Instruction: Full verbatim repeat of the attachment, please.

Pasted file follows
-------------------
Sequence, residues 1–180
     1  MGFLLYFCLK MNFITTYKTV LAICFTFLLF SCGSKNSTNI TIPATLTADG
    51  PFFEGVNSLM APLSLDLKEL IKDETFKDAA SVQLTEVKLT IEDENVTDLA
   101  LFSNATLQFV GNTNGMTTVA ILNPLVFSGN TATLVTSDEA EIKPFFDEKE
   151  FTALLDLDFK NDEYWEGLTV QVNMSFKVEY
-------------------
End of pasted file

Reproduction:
Sequence, residues 1–180
     1  MGFLLYFCLK MNFITTYKTV LAICFTFLLF SCGSKNSTNI TIPATLTADG
    51  PFFEGVNSLM APLSLDLKEL IKDETFKDAA SVQLTEVKLT IEDENVTDLA
   101  LFSNATLQFV GNTNGMTTVA ILNPLVFSGN TATLVTSDEA EIKPFFDEKE
   151  FTALLDLDFK NDEYWEGLTV QVNMSFKVEY